LITTLE ROCK — The placement of intravenous lines in one of the two men Arkansas executed Monday night took 40 minutes, according to a log released Tuesday by the state Department of Correction.
Meanwhile, lawyers for Kenneth Williams, who is scheduled to be put to death Thursday, have filed new motions in state and federal courts seeking to stay his execution.
In back-to-back executions, the state put to death Jack Harold Jones and Marcel Wayne Williams on Thursday night. Each man was administered a lethal three-drug cocktail via IV.
The Department of Correction’s log of Marcel William’s execution shows that the process of placing intravenous lines in Williams lasted from 9:35 p.m. to 10:15 p.m.
That is five times longer than the process of placing IV lines in Jones, which lasted from 6:51 p.m. to 6:59 p.m., or eight minutes, according to the log of that execution.
Monday’s executions followed the execution of Ledell Lee on Thursday. The log of that execution shows that prison workers took 12 minutes — from 11:27 p.m. to to 11:39 p.m. — to place IV lines in Lee.
Department of Correction spokesman Solomon Graves said Tuesday he could not immediately provide an answer when asked why the process of placing IV lines in Marcel Williams took 40 minutes.
Williams was morbidly obese, according to his attorneys. Attorneys for Williams and Jones asked U.S. District Judge Kristine Baker last week to change the execution viewing rules so they could observe the placement of IV lines in the men, in case anything went wrong, but Baker denied the request, saying the parties had already agreed on the viewing rules and that nothing had changed to merit revisiting them. No witnesses were allowed to view the placement of the IV lines.
Williams, 46, was executed for the 1994 slaying of 22-year-old Stacy Errickson of Jacksonville, whom he abducted from a gas station and forced to drive to several ATMs and withdraw a total of $350 before raping her, strangling her and burying her in a shallow grave.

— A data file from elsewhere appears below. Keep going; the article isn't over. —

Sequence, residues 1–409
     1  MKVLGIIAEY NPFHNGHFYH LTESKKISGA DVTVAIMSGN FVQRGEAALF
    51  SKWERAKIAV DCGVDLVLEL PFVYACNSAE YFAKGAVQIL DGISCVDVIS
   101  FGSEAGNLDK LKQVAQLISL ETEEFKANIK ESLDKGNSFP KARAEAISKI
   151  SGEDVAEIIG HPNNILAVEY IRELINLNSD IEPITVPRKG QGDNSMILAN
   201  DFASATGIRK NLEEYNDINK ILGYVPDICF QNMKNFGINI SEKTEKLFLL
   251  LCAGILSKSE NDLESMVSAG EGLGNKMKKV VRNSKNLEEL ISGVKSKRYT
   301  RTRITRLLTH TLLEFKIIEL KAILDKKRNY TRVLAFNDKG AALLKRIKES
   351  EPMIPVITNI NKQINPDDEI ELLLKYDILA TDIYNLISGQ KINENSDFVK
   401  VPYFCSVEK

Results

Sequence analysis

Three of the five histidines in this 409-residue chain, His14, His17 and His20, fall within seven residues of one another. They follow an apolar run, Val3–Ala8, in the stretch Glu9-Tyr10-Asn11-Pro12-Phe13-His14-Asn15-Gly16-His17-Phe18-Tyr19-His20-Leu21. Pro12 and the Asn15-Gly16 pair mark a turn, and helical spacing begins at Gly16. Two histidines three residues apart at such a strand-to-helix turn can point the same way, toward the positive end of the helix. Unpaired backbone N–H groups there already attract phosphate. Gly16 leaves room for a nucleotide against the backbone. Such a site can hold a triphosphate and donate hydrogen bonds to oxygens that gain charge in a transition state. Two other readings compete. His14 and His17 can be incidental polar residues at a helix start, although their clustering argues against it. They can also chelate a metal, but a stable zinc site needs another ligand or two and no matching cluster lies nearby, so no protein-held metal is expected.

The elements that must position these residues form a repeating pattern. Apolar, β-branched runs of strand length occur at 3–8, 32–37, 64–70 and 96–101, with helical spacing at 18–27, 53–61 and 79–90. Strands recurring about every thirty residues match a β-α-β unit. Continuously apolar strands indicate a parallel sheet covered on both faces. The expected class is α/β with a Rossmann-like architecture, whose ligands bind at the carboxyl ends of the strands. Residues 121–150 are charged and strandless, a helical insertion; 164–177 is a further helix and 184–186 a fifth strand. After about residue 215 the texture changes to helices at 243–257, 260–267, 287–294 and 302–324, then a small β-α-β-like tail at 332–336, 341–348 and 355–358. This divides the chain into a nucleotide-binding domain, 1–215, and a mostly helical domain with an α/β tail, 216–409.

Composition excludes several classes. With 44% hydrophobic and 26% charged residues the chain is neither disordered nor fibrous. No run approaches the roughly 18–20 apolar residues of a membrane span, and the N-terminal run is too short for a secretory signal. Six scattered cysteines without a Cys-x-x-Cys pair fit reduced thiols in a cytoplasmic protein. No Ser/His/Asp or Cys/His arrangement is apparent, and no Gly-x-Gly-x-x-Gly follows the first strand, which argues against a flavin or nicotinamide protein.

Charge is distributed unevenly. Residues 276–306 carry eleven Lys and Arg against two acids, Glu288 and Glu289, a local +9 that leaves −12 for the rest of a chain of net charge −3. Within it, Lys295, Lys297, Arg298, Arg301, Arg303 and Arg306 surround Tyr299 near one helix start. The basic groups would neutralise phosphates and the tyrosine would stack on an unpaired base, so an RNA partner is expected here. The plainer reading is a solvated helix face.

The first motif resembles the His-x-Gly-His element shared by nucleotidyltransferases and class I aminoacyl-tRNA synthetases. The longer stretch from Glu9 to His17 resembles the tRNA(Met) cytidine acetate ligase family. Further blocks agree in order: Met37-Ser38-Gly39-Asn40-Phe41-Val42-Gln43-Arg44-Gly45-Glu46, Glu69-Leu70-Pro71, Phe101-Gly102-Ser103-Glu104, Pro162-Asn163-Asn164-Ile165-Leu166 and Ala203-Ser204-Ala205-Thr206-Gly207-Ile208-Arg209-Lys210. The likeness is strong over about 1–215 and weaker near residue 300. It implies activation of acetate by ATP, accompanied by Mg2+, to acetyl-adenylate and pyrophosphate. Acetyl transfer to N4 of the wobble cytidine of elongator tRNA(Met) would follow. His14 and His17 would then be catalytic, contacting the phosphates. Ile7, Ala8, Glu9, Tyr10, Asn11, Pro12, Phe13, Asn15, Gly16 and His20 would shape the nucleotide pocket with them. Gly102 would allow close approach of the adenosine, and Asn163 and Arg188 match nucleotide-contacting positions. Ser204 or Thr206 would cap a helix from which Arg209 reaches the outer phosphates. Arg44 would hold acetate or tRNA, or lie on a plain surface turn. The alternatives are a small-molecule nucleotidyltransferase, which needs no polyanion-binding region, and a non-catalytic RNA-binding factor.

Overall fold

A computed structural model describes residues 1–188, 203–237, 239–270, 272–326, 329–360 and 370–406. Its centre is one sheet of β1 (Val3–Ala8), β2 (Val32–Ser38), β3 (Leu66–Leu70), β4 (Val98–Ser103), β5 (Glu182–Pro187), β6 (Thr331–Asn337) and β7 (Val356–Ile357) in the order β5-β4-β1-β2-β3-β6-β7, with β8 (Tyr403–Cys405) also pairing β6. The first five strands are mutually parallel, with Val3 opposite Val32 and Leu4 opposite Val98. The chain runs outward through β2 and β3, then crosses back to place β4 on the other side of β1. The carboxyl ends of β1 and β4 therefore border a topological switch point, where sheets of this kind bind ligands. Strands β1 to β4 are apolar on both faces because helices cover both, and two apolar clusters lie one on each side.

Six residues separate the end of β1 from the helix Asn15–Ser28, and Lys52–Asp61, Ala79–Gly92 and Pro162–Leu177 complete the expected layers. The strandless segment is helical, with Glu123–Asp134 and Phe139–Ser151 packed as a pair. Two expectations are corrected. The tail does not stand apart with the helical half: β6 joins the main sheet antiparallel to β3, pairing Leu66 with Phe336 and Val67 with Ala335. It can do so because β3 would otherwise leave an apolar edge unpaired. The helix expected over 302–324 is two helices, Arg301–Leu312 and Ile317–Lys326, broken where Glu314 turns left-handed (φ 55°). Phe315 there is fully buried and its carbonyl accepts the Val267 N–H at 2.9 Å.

Jones, 52, was executed for the 1995 killing of Mary Phillips, 34, of Bald Knob, whom he beat, robbed, raped and strangled at a Bald Knob accounting office. He also beat and left for dead her daughter, Lacey, then 11 years old, but she survived.
Gov. Asa Hutchinson initially scheduled eight executions over an 11-day span this month, seeking to make use of a key drug before it expires at the end of April. Three executions scheduled for last week have been stayed by courts and will not happen this month. The execution of Jason McGehee, scheduled for Thursday of this week, also has been stayed, and the state has not sought to lift the stay.
That leaves one remaining scheduled execution, that of Kenneth Williams, who is set to be put to death at 7 p.m. Thursday.
Williams, 38, was serving a life sentence for the 1998 killing of University of Arkansas at Pine Bluff cheerleader Dominique Hurd when he escaped from the Cummins Unit in Lincoln County in 1999.
He shot and killed Cecil Boren, 57, at Boren’s nearby home, stole Boren’s truck and was captured after a high-speed chase in Missouri during which he crashed into a vehicle and killed the driver, Michael Greenwood, 24, of Springfield, Mo.
Williams is scheduled to die for Boren’s killing. He also is serving three sentences of life without parole, one for aggravated robbery and two for capital murder.
On Monday night, lawyers for Williams filed a motion with the Arkansas Supreme Court seeking a stay of his execution. They argued in the motion that the jury at his trail failed to consider mitigating evidence including childhood domestic abuse and limited intellectual function.
The state had not filed a response by Tuesday afternoon.
On Tuesday, lawyers for Williams filed a separate motion in U.S. District Court in Pine Bluff seeking a stay of his execution. They argued in the motion that significant juror misconduct occurred at his trial, including statements that a juror made to others on the jury about her experiences working at the prison from which Williams escaped and the prison where he was held during his trial.
Attorney General Leslie Rutledge said in a response that the issue could have been raised sooner but is being raised now as “part of a calculated barrage of litigation in state and federal court.”